17.12.2004.  However, the Memorandum of Understanding dated  
20.09.2004 entered into earlier by the assessee company with
Ascendas mentioned the sale consideration as Rs.228.00 crore.  In
any event, the assessee company earned income by way of capital
gains upon the sale of the aforestated shares.  Before the payment
of the entire sale consideration and during the pendency of the
application of the assessee company under Section 197 of the Act,
order dated 03.01.2005 was passed by the revenue under Section
195(2) of the Act directing Ascendas to deduct tax at source from
the remittance of sale consideration and to deposit the same.
Consequently, a sum of Rs.35.24 crore was withheld by Ascendas
on 02.03.2005 from the payment of Rs.224.50 crore and deposited
with the revenue.  Further, as a sum of Rs.49,43,750/- was paid to
the assessee company by Ascendas towards interest on delayed  
payment of sale consideration, a sum of Rs.20,67,476/- was
deposited by Ascendas with the revenue on 22.03.2005 as tax
deducted at source thereon.  The assessee company filed its return
of income claiming refund of the entire amount deducted towards
tax at source and deposited into the Government account.
      The case of the assessee company before the Assistant
Director of Income Tax (International Taxation)-II, Hyderabad, the
Assessing Officer (hereinafter, the AO), was that the transaction
giving rise to the aforestated capital gains was not taxable in India
as it was covered by Article 13 of the DTAA, which would override
the local law, in terms of Section 90 of the Act.  In the alternative,
the assessee company claimed that as VITP Limited was registered
under Section 10(23G) of the Act, the capital gains arising from
transfer of its shares were exempt from taxation under the Act.  As
regards taxability of the interest paid to it by Ascendas, the
assessee company claimed that payment and receipt thereof was in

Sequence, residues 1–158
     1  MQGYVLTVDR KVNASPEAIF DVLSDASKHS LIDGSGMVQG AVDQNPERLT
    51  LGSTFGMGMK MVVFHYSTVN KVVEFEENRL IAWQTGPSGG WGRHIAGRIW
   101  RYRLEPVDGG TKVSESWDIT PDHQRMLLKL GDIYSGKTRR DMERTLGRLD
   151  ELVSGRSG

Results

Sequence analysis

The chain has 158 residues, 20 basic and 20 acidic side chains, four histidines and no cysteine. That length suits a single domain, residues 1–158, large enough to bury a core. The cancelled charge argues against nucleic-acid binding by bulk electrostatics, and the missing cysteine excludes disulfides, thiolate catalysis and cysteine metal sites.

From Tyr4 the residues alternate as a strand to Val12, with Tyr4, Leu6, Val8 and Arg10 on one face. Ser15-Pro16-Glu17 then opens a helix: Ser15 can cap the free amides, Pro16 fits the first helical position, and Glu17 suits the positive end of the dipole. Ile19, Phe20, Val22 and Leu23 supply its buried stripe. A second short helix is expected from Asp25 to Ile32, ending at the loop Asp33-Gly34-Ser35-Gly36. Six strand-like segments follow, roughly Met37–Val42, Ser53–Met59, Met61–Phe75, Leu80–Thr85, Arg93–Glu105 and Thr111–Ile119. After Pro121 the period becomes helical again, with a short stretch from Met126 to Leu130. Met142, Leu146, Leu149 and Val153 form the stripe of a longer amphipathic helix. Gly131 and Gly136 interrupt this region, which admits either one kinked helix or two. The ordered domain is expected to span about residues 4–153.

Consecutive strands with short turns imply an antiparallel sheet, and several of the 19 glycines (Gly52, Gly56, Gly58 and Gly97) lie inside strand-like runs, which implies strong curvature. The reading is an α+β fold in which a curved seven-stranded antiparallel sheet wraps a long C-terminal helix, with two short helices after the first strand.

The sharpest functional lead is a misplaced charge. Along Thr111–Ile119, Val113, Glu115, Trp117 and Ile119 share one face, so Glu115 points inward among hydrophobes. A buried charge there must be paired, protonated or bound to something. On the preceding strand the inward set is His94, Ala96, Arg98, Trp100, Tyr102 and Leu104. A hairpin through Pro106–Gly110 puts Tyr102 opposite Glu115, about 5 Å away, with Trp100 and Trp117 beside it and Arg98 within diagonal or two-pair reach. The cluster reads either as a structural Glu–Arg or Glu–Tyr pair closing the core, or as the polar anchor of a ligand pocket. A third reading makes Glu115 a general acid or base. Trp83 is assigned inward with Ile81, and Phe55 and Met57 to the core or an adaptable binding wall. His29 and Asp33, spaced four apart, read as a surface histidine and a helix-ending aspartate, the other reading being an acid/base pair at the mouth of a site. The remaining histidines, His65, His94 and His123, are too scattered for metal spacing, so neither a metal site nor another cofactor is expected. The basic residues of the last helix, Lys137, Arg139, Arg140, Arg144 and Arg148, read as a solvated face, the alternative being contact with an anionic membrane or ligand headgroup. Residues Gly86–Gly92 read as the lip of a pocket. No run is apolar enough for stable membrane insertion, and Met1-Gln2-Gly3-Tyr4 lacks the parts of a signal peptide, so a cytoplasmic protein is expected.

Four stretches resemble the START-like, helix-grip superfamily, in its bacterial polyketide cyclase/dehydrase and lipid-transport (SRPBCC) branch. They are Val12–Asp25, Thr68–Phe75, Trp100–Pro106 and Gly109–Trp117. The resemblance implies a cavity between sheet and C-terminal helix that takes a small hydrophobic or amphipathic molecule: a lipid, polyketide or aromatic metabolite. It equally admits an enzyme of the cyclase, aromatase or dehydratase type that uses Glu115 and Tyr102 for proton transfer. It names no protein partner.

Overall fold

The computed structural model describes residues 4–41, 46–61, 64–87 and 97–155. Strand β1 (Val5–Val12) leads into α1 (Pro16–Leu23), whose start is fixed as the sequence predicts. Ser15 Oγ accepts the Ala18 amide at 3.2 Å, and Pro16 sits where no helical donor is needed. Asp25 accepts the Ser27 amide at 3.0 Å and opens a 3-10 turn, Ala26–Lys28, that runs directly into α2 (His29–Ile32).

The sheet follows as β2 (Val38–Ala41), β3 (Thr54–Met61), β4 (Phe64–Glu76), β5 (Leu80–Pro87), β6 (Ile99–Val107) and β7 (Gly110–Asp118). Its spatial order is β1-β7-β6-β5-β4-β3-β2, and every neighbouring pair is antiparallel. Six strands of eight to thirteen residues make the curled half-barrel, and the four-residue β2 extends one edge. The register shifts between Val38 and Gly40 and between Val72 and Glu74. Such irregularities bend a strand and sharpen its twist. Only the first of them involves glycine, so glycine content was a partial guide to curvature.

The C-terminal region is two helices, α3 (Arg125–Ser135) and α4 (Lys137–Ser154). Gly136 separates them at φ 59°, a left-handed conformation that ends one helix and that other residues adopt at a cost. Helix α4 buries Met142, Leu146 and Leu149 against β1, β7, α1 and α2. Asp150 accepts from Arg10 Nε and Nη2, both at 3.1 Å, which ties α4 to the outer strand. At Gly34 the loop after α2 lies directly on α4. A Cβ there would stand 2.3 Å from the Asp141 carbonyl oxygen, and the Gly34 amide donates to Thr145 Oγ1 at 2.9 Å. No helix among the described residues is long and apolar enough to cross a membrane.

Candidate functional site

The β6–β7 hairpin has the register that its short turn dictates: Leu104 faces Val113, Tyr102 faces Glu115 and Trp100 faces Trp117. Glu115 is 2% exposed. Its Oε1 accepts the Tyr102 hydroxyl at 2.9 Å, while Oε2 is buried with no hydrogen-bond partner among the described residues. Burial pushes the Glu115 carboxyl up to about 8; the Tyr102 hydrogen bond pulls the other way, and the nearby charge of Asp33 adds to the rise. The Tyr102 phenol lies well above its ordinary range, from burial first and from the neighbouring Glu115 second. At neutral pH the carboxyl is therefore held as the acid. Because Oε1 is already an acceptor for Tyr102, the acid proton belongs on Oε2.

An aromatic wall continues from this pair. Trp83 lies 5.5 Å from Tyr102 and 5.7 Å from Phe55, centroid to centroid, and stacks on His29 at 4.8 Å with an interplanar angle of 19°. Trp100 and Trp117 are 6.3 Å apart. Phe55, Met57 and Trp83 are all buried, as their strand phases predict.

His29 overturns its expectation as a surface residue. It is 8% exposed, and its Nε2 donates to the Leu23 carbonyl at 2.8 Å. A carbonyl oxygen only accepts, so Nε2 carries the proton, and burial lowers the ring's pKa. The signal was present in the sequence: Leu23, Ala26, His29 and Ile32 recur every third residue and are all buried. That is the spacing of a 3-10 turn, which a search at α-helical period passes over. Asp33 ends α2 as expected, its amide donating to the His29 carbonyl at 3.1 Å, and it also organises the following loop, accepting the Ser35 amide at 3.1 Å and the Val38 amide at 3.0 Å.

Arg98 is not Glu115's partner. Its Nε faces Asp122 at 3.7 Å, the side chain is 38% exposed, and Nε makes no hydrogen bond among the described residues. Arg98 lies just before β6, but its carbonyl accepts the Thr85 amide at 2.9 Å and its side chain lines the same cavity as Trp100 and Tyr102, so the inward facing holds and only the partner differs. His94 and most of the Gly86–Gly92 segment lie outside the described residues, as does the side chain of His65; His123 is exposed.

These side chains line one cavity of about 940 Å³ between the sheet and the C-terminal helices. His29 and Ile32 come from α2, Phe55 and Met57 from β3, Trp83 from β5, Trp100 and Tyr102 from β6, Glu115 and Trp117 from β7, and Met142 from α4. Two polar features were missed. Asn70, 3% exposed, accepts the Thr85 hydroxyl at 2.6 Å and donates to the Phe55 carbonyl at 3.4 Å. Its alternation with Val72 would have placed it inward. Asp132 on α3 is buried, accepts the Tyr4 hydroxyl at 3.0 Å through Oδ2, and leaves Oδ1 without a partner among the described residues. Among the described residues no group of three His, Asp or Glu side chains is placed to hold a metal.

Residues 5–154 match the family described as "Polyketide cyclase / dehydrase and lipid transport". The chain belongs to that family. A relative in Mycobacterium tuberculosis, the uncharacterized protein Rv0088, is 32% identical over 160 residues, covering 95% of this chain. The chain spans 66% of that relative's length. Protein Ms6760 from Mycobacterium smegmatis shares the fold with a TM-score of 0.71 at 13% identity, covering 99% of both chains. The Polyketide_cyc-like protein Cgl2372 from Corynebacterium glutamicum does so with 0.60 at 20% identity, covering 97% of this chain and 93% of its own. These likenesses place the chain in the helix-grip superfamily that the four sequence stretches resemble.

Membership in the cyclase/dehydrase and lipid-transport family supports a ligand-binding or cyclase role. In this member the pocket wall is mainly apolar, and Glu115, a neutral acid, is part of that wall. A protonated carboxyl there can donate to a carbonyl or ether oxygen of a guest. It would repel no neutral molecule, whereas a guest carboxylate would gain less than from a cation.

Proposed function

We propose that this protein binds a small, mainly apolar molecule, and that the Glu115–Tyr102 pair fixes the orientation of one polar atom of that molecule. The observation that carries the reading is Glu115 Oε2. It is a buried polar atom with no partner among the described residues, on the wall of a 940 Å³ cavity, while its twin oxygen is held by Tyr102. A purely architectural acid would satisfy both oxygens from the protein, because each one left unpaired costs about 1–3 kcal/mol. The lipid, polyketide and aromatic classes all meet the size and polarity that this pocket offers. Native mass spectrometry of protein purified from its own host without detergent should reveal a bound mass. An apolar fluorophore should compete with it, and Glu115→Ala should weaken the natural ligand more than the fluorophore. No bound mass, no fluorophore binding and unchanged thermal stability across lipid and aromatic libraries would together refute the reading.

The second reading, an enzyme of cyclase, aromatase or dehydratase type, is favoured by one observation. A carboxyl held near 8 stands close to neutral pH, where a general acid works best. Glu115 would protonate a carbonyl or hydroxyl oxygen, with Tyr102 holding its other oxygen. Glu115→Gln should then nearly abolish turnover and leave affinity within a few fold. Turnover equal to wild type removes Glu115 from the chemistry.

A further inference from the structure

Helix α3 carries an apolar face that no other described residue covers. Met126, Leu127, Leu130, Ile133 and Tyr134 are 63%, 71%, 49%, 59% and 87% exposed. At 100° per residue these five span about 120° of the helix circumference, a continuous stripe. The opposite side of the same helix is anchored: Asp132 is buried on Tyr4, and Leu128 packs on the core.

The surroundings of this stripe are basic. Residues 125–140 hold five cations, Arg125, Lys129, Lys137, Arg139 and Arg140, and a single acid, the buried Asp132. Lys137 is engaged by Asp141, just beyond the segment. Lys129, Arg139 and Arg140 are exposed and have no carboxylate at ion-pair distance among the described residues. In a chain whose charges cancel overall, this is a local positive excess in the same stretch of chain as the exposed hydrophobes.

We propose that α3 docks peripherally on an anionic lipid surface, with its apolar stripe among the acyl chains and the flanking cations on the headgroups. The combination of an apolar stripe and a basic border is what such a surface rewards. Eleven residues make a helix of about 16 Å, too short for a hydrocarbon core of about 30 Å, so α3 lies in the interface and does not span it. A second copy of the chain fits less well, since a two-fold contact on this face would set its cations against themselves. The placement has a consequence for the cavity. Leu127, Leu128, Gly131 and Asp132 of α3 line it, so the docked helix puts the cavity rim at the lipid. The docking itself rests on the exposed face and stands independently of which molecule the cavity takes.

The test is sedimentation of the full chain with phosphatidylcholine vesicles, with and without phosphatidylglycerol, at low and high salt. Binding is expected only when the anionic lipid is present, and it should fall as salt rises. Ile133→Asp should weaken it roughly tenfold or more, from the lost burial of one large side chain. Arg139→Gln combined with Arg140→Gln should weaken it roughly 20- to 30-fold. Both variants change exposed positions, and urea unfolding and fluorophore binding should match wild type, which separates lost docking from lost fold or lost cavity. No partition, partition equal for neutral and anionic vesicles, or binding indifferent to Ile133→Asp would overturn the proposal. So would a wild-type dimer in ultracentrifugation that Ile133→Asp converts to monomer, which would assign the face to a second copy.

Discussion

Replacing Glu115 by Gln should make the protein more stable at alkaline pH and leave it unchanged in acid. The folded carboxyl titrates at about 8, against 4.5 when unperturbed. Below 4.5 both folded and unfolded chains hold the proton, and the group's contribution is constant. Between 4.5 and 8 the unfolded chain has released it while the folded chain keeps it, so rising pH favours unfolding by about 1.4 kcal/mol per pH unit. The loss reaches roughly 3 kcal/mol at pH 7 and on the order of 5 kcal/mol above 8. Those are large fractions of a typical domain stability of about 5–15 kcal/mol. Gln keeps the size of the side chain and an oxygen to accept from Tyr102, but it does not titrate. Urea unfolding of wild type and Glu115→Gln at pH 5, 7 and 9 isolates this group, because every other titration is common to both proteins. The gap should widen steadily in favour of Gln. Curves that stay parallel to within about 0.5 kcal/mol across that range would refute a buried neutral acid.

Netherlands and could not therefore be said to have accrued or
arisen through or from any property in India or from any asset or
source of income in India or through transfer of a capital asset
situated in India.
      By assessment order dated 25.02.2008 under Section 143(3)
of the Act, the AO rejected all the three claims of the assessee
company. As regards the first claim relating to the exemption
claimed under the DTAA, the AO examined Article 13 thereof.
Article 13 of the DTAA reads as under:
      CAPITAL GAINS
1.      Gains derived by a resident of one of the States from the
alienation of immovable property referred to in Article 6
and situated in the other State may be taxed in that other
State.
2.      Gains from the alienation of movable property forming
part of the business property of a permanent
establishment which an enterprise of one of the States
has in the other State or of movable property pertaining to
a fixed base available to a resident of one of the States in
the other State for the purpose of performing independent
personal services, including such gains from the
alienation of such permanent establishment (alone or
with the whole enterprise) or of such fixed base, may be
taxed in that other State.
3.      Gains from the alienation of ships or aircraft operated in
international traffic or movable property pertaining to the
operation of such ships or aircraft, shall be taxable only
in the State in which the place of effective management of
the enterprise is situated.  For the purposes of this
paragraph, the provisions of paragraph 3 of Article 8A
shall apply.
4.      Gains derived by a resident of one of the States from the
alienation of shares (other than shares quoted on an
approved stock exchange) forming part of a substantial
interest in the capital stock of a company which is a
resident of the other State, the value of which shares is
derived principally from immovable property situated in
that other State other than property in which the
business of the company was carried on, may be taxed in
that other State.  A substantial interest exists when the
resident owns 25 per cent or more of the shares of the
capital stock of a company.
5.      Gains from the alienation of any property other than that
referred to in paragraphs 1, 2, 3 and 4 shall be taxable
only in the State of which the alienator is a resident.
However, gains from the alienation of shares issued by a
company resident in the other State which shares form
part of at least a 10 per cent interest in the capital stock of
that company, may be taxed in that other State if the
alienation takes place to a resident of that other State.
However, such gains shall remain taxable only in the
State of which the alienator is a resident if such gains are
realised in the course of a corporate organization,